How to avoid malaise after the tumult

Interim Superintendent Leroy Nunery II. The district deserves an open national search for a quality leader, but no timeline has been set.
Interim Superintendent Leroy Nunery II. The district deserves an open national search for a quality leader, but no timeline has been set. (BONNIE WELLER / File Photograph)

In search for great leadership, we must act on lessons learned.

Posted: August 28, 2011

Helen Gym

is a Philadelphia public school parent and a cofounder of Parents United for Public Education

I can't count the number of times I've heard conversations about the next leadership of our schools start with: "Who would ever want to come here?"

The question reflects growing public disgust for city and state officials who let negotiations over former Superintendent Arlene C. Ackerman's tenure drag out in such a bitter, toxic fashion. A colleague whose research focuses on urban school districts characterizes this type of fatalism and loss of confidence as "drift." It's what happens when our schools lack a clear course of action.

"It's my greatest fear," she said recently as we reflected on nearly two decades of school reform.

Drift was how she characterized the malaise that followed Superintendent David Hornbeck's departure from Philadelphia in 2000. City leaders failed to set a decisive course. The district was left in financial shambles, and staff morale hit a (then) all-time low. Relationships between the district and the city and state became irreparably fractured, leaving the schools vulnerable to a state takeover.

Drift still plagues our schools. Despite massive turmoil, political leaders act like they're stuck in neutral.

The summer brought interminable backdoor negotiations to end Ackerman's tenure. While School Reform Commission members mouthed feeble support, Mayor Nutter declined to comment, and Gov. Corbett stayed AWOL. The public has been sidelined, not even allowed to know whose "charitable" donations contributed to an outrageous million-dollar buyout from a cash-starved district.

Interim Superintendent Leroy Nunery II should not be the default choice to be the permanent school chief. Nunery is closely tied to many of Ackerman's failed decisions, and he has not been publicly vetted. Philadelphians deserve an open, genuine, national search for a quality superintendent, but the mayor and governor have yet to set a clear timeline for that process.

Philadelphia's is a complex school system ripe with possibility and full of passionate, engaged communities deeply invested in improving our schools. Despite its struggles, it deserves great leadership. In the meantime, we must act on lessons learned from the Ackerman years:

Fire the SRC: Any entity that hires a new superintendent needs credibility, but the current commissioners don't have the public's trust. The mayor and governor should ask the commissioners to step down, and they should appoint replacements who can rebuild faith in the public mission of our schools. Over the long term, a larger public discussion needs to happen about abolishing the SRC and about the pros and cons of an elected school board.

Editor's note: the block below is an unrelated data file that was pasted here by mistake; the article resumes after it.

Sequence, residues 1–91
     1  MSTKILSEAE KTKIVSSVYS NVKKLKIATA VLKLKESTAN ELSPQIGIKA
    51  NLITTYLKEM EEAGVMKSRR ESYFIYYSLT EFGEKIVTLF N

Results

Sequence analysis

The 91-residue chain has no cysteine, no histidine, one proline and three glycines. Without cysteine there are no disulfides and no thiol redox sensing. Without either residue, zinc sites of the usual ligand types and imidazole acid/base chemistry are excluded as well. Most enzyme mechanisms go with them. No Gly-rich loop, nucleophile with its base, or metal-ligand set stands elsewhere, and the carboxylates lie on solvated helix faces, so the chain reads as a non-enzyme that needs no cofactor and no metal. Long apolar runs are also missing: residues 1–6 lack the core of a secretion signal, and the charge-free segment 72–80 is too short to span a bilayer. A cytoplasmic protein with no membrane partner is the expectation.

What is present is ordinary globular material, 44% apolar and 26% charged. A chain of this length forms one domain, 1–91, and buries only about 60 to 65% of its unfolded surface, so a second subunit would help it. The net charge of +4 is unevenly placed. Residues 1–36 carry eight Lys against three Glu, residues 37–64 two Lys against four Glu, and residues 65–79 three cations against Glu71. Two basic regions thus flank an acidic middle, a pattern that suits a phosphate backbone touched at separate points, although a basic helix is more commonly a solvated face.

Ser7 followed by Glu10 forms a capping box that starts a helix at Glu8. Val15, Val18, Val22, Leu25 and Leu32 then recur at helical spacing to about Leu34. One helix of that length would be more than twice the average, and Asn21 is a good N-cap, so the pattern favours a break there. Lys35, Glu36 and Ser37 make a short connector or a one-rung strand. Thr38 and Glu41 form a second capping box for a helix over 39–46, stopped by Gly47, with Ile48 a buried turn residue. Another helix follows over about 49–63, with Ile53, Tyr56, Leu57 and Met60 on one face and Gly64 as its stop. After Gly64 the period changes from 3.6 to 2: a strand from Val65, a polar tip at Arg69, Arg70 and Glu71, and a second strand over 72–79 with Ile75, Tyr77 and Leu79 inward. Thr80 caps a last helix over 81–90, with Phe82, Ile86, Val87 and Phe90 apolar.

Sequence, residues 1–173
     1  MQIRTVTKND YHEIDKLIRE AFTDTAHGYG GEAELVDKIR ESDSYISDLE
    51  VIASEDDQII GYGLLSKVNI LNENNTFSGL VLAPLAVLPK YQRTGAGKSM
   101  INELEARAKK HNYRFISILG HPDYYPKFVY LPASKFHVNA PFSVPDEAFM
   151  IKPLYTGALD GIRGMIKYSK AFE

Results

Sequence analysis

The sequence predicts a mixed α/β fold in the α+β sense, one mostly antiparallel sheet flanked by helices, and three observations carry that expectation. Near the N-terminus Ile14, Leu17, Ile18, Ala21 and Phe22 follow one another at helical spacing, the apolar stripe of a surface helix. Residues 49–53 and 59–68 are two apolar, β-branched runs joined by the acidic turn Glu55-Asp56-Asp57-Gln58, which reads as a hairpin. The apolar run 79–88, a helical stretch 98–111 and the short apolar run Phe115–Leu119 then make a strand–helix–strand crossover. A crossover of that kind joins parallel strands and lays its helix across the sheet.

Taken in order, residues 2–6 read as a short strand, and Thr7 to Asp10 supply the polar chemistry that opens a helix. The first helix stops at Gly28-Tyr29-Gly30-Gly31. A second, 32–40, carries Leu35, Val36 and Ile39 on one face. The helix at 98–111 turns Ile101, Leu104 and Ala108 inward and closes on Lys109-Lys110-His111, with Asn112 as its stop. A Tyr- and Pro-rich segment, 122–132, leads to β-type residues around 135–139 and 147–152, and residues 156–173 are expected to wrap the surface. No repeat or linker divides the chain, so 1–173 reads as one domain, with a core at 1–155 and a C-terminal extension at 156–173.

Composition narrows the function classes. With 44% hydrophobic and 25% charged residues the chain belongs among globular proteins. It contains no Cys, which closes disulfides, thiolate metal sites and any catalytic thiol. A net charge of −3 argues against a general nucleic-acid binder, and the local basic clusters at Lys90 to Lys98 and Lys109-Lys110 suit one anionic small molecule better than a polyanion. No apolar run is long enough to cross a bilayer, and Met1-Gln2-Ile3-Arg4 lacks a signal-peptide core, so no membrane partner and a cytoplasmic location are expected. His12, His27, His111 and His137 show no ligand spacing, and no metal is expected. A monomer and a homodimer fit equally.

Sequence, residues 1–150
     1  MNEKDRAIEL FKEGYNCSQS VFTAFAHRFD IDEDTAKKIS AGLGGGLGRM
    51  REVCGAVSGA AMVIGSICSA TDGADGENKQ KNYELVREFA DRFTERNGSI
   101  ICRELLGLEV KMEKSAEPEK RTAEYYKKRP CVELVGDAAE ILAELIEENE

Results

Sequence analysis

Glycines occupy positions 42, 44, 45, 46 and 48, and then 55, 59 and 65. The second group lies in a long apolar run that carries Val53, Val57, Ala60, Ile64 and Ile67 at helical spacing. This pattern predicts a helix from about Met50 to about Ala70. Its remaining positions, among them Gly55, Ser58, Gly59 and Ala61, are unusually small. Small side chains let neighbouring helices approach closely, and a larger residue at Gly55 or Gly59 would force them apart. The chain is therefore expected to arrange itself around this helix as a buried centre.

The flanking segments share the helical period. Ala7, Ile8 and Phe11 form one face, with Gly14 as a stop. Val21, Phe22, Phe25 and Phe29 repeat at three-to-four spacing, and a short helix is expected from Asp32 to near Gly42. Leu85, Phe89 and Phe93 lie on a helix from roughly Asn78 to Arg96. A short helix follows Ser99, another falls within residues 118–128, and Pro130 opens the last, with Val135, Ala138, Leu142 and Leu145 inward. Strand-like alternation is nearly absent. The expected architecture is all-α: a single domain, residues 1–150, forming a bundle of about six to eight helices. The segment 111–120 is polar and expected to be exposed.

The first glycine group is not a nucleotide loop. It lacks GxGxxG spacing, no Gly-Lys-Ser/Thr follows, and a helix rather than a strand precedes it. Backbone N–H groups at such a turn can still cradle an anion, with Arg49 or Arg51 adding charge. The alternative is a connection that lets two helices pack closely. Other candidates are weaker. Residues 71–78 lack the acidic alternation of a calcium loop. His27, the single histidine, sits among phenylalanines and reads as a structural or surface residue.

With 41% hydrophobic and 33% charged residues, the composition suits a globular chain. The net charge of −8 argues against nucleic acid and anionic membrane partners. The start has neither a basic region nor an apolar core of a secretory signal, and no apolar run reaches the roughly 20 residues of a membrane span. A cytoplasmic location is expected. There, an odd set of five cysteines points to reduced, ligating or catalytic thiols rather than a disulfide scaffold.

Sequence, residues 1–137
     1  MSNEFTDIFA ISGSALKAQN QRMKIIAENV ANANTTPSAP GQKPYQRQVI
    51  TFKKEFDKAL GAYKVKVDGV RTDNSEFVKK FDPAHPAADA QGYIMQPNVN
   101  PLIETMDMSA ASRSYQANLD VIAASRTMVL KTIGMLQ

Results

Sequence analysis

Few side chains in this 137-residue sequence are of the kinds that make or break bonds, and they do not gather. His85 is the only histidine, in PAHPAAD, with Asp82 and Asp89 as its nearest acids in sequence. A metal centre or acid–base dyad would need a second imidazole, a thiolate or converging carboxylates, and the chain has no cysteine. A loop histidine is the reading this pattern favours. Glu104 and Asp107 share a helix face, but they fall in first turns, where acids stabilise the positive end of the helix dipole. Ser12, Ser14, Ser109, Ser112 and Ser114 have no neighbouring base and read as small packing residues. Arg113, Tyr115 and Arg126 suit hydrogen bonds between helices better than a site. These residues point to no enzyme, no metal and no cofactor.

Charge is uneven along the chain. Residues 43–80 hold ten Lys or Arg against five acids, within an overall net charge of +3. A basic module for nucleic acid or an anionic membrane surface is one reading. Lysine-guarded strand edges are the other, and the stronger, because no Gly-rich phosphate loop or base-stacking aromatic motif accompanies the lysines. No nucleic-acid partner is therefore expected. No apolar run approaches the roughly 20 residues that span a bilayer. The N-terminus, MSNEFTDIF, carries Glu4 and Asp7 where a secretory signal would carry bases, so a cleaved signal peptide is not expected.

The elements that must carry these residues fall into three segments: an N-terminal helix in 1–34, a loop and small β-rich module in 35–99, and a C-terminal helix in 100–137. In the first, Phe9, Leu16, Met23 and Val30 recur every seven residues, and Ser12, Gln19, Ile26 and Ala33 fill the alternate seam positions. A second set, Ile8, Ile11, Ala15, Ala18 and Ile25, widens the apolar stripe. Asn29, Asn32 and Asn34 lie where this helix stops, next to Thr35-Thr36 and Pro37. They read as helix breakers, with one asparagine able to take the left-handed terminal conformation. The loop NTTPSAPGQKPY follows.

Start a quality search process: The search that resulted in Ackerman's hiring was strong on civic engagement but weak on head-hunting. It included a series of community discussions with the SRC and a large community interviewing board, on which I served. But the result was Ackerman and two other candidates, Nunery and Kent McGuire, a former Temple University dean of education. Ackerman had support, but there was concern even then that the search did not offer enough contenders to determine the best fit for the city.

No more messiahs, no more reform: There's a popular notion that somewhere out there is a mythological superintendent who, if we pay enough money and stay out of the way, will fix our schools. These district leaders are an "army of one," according to Rethinking Schools writer Leigh Dingerson, and they push dramatic reform agendas that too often disregard existing efforts. Philadelphia schools don't need more drama; this system needs stabilization after a decade of massive charter expansion and turnaround. The next superintendent must build and effectively manage a team-oriented approach that assesses what's working and that oversees operations, including the difficult task of closing schools.

Accountability and oversight: Ackerman refused to answer questions about finances and governance, and the SRC failed to rein in a reckless administration. We need other bodies to oversee the district, like the Pennsylvania Intergovernmental Cooperation Authority, which should approve the district's five-year financial plans. And why is it up to the Committee of Seventy to report the district's ethical lapses?

Politics is not the enemy: A large urban school district needs a savvy leader who understands power relationships and who builds bridges to benefit the city's schoolchildren. Ackerman sent a message that education was her sole purview - alienating many political, business, civic, and community interests. A school leader is an ambassador for public education, building a broad and inclusive sense of collective will.

Relationships determine the success of a city's schools. Education reform relies less on numbers, data, and, yes, even money, than it does on the delicate fabric of community and social trust. Unfortunately, in Philadelphia, our community and trust have been taken for granted for too long.

Our School District is in crisis. A voice of moral leadership is desperately needed. Nutter and Corbett have to help fill that void. It's time to get to work. It's time to end the drift.

E-mail Helen Gym at

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